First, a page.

Senator wants credit checks, ratings banned from hiring process

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By Catherine Holland By Catherine Holland

PHOENIX -- Bad credit will no longer prevent job seekers from landing a position if a senator from Massachusetts has anything to say about it.

Nearly half of employers use credit checks in their hiring decisions.

Sen. Elizabeth Warren and six of her colleagues want to ban that practice with the Equal Employment for All Act.

Many believe that credit ratings offer insight into a person's responsibility and character. Warren says that's not the case at all.

"A bad credit rating is far more often the result of unexpected medical costs, unemployment, economic downturns, or other bad breaks than it is a reflection on an individual's character or abilities," Warren said in a news release. "Families have not fully recovered from the 2008 financial crisis, and too many Americans are still searching for jobs. This is about basic fairness -- let people compete on the merits, not on whether they already have enough money to pay all their bills."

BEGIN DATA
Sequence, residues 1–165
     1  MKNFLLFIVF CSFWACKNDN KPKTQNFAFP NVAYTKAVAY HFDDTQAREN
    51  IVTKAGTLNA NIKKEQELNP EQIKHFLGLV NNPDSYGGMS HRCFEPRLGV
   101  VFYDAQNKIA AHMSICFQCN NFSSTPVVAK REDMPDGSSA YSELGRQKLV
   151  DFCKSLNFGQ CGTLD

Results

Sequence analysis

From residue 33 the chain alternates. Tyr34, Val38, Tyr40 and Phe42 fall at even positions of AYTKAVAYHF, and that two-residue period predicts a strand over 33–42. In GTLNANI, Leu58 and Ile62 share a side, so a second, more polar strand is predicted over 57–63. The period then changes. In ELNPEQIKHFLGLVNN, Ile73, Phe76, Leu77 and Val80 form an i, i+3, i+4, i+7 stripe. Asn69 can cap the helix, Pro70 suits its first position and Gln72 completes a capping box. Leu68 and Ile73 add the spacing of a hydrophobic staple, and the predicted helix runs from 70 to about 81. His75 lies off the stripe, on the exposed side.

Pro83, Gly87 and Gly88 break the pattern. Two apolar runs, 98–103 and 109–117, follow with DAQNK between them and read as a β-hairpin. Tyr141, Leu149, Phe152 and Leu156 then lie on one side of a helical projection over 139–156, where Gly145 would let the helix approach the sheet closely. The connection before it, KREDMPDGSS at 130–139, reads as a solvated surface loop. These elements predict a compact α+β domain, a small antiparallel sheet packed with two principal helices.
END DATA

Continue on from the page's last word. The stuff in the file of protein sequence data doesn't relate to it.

Warren also cited a study by the Federal Trade Commission that suggests mistakes on credit reports are common and can be extremely difficult to correct.

"It makes no sense to make it harder for people to get jobs because of a system of credit reporting that has no correlation with job performance and that can be riddled with inaccuracies," Warren said.

While more than 40 organizations back the Warren's proposal, it does not have bi-partisan support in the Senate.

Warren's Senate Web site describes the Democrat as "a fearless consumer advocate who has made her life's work the fight for middle class families," who is "recognized as one of the nation's top experts on bankruptcy and the financial pressures facing middle class families."

Warren based her bill, which she introduced Tuesday, on a similar measure introduced in the House in 2011.

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